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Long IslandPolitics

Cedar Creek sewage plant to get water recycling system

The move by Suez North America, the plant’s operator, is expected to save one million gallons of fresh water daily.

Suez North America, which runs Nassau's sewer system, will build the county's first water recycling system in Wantagh, a move expected to save 1 million gallons of fresh water daily, Nassau County Executive Laura Curran announced, along with Suez officials, on Wednesday, Feb. 28, 2018. (Credit: Howard Schnapp)

Suez North America, operator of Nassau’s sewer system, will construct the first water recycling system at the county’s Cedar Creek Water Pollution Control Plant in Wantagh — a move expected to save 1 million gallons of fresh water daily.

The project will use treated wastewater for processes at the plant such as cooling down generators and washing equipment and tanks.

The program, to be funded by Suez, is expected to cost $1.1 million, with completion by January.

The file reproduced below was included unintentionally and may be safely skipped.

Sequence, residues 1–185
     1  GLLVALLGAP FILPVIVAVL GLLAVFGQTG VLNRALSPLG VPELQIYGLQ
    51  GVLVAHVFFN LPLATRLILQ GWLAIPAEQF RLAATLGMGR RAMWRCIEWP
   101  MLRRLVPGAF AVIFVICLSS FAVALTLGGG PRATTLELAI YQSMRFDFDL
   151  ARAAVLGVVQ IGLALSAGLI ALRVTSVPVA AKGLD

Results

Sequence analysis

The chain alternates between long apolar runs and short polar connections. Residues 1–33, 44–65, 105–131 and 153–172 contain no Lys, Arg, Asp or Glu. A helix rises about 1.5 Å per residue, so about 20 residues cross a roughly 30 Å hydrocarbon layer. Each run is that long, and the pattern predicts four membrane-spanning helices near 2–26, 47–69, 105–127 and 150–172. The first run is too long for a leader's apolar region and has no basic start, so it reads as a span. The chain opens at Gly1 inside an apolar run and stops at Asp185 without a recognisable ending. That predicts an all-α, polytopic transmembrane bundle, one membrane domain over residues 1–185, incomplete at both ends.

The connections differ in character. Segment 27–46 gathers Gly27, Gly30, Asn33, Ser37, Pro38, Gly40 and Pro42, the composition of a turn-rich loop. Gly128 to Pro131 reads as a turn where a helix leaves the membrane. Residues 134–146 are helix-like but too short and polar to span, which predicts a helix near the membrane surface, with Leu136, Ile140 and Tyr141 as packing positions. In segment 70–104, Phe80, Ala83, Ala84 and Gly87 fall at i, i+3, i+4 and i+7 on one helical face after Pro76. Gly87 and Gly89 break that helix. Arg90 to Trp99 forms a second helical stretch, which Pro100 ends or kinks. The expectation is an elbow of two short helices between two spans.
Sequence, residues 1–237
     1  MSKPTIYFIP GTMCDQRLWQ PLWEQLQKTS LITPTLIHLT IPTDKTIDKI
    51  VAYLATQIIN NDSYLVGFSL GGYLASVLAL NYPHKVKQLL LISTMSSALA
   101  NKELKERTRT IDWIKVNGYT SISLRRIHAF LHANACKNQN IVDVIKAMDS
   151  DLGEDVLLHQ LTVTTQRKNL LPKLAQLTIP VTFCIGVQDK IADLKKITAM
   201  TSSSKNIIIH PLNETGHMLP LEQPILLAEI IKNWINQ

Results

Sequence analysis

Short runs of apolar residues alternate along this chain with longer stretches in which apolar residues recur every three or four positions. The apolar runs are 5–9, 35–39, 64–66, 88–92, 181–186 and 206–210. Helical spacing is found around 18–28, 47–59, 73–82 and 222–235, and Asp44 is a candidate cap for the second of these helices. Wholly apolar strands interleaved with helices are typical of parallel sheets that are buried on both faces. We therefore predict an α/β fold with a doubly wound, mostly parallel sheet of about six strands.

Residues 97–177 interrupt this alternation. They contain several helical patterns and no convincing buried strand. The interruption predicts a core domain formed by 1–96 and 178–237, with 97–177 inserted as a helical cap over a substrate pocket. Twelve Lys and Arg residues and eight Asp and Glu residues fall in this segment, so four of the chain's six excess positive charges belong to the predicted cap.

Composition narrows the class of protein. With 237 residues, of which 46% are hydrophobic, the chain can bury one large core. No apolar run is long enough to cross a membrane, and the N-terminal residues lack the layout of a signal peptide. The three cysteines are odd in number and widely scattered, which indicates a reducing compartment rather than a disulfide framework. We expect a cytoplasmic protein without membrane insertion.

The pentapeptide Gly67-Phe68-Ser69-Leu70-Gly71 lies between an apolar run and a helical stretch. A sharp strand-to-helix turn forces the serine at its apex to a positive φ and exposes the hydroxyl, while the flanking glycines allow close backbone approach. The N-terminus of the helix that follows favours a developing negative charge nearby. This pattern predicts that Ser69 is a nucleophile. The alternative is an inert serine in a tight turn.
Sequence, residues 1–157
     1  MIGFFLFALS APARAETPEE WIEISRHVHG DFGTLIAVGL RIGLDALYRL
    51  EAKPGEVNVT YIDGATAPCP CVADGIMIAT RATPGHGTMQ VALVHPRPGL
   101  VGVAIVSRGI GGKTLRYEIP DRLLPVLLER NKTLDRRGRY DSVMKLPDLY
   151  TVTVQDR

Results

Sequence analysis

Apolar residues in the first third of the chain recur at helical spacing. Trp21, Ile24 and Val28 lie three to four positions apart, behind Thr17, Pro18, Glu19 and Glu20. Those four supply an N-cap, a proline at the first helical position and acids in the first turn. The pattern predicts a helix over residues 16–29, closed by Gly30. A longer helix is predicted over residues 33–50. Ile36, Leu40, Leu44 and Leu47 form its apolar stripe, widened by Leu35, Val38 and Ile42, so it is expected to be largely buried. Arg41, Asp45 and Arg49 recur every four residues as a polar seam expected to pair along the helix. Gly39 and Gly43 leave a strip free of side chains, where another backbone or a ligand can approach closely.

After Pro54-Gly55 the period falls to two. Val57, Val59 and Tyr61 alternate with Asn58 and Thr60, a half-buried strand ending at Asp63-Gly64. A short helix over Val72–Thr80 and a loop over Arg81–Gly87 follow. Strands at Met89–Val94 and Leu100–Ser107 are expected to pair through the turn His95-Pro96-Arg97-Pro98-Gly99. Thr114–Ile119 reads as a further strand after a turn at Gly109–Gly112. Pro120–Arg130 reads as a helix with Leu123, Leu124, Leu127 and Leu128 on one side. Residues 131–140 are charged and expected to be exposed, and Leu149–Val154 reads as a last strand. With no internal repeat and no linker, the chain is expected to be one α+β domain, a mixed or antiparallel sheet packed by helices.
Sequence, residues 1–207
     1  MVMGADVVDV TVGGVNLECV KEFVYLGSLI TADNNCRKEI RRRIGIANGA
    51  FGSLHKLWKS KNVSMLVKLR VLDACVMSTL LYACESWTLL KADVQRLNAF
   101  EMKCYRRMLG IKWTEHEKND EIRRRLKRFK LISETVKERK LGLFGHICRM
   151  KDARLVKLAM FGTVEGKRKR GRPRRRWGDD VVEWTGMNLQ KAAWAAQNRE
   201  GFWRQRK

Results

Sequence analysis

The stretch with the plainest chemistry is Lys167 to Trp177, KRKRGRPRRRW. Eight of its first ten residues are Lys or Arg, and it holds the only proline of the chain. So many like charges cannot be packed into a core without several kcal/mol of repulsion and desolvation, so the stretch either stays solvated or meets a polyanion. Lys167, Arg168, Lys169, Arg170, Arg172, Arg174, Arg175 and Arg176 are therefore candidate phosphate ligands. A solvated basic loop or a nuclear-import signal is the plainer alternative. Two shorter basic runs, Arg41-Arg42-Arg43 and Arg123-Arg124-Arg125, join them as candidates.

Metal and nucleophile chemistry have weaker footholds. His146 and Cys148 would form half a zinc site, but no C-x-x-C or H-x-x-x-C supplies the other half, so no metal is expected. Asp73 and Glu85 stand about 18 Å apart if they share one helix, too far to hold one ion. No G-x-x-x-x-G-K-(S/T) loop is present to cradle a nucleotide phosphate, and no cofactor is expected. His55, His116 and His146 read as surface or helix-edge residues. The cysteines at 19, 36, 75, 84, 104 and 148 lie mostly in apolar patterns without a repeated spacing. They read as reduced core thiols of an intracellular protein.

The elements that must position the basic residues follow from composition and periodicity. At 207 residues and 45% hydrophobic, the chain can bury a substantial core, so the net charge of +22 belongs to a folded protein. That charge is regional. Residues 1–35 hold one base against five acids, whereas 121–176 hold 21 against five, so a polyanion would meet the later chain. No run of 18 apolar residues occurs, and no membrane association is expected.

“We are making this investment because we believe the protection of the water supply offers a better future for the residents of Nassau County,” Eric Gernath, chief executive of Suez North America, said at a news conference Wednesday at the plant.

The recycling system uses treated effluent that is processed a second time to remove solids and kill certain bacteria and other microbes. Cedar Creek currently uses 600 gallons of groundwater per minute.

The new system, which is expected to save the company more than $350,000 annually, also will make it unnecessary to pump clean water from the county’s sole source aquifer for plant operations.

A similar process would be planned for the county’s Bay Park Sewage Treatment Plant in East Rockaway in the coming years.

Suez has operated a similar recycling system at its plant in Los Angeles for the past 20 years, saving a total of 200 billion gallons of water, Gernath said.

“We have a laser focus on protecting our aquifer,” said Nassau County Executive Laura Curran. “And today marks a very important step in doing just that.”

“We are saving water; we are saving the environment and we are saving taxpayer dollars,” said Adrienne Esposito, executive director of Citizens Campaign for the Environment.

Suez has operated Nassau’s three major wastewater treatment plants, 53 pumping stations and 3,000 miles of sewers since January 2015. The contract will pay the French-based company at least $1.14 billion over 20 years.

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